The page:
That alone reflected the tremendous importance the Unifier placed upon subjugation of the Saxan lands. The invasion was a pivotal element of the final series of conquests, which would bring all of Ave under one authority; outwardly that of the Unifier, though truly, through the Unifier, Jebaalos.
The Arcamon’s fury had soared throughout the report informing of the sudden Unguhur attack, which had blunted the Avanoran efforts to break through to the northeast of the Plains of Athelney. The force should have been able to hook around through the mountains, to pour down and ambush the main Saxan forces on their exposed right flank, out on the Plains of Athelney.
The worst aspect of it was that the Saxan ranks arrayed to oppose the Avarnoran maneuver had been dislodged and broken, leaving the way clear for all aims to be achieved. All had been thwarted by a horde from a brutish race that now held the Arcamon’s malefic ire.
At the moment, the battle at the Plains of Athelney should have been over, and the interior of the Saxan lands left wide open. The Kingdom of Saxany had likely exhausted itself in the musters for the Plains of Athelney, and for the smaller force deployed to face the woodland incursion.
Unlike the Trogens, humans, and others around it, the Arcamon knew much about the Unguhur. The primitive creatures had emerged from the depths of their underworld dominion, having been well-hidden from the extensive scouting from the skies and on the land. The human and Trogen leaders had been confounded. To the few that had even heard of the underground race, the Unguhur existed only within legends, or as wisps of tales. Things of legend and myth were certainly not foremost on the minds of the invasion force’s command.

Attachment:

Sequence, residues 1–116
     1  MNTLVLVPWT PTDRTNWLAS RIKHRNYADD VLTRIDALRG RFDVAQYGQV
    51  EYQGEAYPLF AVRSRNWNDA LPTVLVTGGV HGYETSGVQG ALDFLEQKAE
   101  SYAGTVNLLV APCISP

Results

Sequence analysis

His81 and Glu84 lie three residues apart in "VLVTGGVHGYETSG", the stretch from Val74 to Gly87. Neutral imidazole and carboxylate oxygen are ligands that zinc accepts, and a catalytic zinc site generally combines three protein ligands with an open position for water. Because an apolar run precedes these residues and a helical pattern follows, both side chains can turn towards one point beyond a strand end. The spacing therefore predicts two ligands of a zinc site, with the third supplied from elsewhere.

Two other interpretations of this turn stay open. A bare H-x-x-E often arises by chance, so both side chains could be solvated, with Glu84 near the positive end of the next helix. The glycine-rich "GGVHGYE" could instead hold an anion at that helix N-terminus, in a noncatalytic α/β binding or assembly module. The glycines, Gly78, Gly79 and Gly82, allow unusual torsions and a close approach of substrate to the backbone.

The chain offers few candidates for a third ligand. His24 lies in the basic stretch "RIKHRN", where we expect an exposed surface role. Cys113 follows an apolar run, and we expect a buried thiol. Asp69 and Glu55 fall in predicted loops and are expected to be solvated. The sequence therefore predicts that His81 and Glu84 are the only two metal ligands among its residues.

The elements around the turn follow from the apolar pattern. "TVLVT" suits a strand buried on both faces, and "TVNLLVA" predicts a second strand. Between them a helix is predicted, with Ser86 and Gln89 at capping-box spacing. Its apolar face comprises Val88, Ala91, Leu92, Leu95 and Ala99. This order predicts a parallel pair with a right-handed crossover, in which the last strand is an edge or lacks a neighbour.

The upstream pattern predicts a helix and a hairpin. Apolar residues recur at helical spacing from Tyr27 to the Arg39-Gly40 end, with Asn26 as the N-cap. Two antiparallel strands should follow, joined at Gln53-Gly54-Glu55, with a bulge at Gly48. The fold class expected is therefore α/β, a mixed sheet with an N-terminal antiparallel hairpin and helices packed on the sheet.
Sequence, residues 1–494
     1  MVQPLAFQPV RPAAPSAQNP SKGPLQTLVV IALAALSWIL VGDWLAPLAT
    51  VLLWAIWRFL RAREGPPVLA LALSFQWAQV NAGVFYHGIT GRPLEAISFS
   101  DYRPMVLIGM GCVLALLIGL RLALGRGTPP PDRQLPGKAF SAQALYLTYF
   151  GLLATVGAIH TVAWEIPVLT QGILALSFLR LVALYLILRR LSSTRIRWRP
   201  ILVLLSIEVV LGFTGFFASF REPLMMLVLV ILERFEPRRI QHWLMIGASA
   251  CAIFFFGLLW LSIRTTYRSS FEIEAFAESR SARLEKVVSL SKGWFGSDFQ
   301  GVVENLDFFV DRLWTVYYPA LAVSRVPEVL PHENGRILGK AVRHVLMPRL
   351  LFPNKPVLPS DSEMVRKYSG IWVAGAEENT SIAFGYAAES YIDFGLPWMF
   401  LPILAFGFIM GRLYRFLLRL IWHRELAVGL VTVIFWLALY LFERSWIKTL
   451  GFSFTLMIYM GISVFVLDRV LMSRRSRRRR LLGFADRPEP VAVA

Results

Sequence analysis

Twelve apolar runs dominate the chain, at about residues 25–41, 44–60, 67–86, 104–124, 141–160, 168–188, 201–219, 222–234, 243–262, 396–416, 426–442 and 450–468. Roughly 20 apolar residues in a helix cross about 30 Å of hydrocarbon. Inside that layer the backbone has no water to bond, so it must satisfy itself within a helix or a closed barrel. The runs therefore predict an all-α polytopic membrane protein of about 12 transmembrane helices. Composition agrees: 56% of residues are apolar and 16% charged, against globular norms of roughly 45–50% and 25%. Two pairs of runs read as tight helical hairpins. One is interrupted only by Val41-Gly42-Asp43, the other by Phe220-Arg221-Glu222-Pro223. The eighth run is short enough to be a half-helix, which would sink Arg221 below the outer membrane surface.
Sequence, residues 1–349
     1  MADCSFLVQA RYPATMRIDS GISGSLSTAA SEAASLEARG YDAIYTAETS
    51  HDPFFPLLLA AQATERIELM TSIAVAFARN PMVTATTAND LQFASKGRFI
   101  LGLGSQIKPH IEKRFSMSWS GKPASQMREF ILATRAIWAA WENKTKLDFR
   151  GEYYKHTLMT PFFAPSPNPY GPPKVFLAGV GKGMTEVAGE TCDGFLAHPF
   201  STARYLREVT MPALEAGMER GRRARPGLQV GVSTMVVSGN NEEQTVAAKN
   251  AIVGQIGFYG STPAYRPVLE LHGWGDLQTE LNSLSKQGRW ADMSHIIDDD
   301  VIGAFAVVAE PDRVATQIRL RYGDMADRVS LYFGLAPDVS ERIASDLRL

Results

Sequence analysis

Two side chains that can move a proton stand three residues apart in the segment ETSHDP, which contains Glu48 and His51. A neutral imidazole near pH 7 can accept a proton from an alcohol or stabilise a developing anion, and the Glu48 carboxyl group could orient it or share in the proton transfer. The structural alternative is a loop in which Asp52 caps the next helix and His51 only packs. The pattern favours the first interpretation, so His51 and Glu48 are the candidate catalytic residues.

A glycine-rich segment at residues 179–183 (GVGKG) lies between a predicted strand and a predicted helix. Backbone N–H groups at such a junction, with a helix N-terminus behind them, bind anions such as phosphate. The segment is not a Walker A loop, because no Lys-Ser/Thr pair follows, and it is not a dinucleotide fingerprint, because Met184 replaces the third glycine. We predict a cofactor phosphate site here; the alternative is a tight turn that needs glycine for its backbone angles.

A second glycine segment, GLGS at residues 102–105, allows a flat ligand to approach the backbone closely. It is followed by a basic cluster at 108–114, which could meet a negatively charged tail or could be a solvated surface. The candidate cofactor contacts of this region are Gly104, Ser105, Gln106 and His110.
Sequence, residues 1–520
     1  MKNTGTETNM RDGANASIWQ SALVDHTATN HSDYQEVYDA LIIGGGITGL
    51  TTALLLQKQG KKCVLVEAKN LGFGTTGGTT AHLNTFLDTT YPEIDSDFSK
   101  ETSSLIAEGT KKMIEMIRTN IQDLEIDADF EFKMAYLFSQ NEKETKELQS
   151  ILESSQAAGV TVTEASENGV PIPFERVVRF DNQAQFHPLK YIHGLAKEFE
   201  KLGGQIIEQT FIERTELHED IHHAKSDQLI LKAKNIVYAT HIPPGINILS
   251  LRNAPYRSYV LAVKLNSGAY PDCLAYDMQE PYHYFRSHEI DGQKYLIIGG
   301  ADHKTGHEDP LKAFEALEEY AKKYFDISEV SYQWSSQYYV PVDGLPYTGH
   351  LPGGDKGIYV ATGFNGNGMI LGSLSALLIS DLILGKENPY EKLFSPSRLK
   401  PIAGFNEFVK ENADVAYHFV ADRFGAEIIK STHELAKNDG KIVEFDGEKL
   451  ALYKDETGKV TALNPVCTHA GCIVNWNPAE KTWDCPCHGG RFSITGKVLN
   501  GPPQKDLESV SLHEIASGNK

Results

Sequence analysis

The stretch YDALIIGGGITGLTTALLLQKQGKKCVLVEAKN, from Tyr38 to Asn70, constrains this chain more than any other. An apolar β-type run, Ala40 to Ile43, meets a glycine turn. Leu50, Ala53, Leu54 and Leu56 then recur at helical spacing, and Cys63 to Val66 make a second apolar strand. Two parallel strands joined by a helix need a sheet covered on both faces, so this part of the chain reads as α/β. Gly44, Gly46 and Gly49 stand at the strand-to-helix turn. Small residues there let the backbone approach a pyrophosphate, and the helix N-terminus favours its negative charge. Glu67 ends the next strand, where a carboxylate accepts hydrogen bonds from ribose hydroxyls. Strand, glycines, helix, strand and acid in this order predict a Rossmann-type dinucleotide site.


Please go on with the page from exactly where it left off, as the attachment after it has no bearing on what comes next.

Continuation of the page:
In a practical sense, the existence of an underground population of Unguhur, right under Saxan lands, was something entirely unknown; and altogether unaccounted for.
Nevertheless, the Arcamon had confronted many of the Avanoran lords after the terrible debacle. Its dark presence had driven each one of the fierce, haughty commanders to become sniveling, groveling fools in mere moments. Mortals confronted by an immortal from the afterworld itself, its very existence boggling to their minds, several had broken out in cold sweats. Others had openly trembled, unable to stifle the terror wracking their spirits
Failure for any reason was never to be lightly taken, whether in the infernal realms or in Ave. The Arcamon had faced the Avanoran lords as if they were going to be made to answer fully for the considerable losses.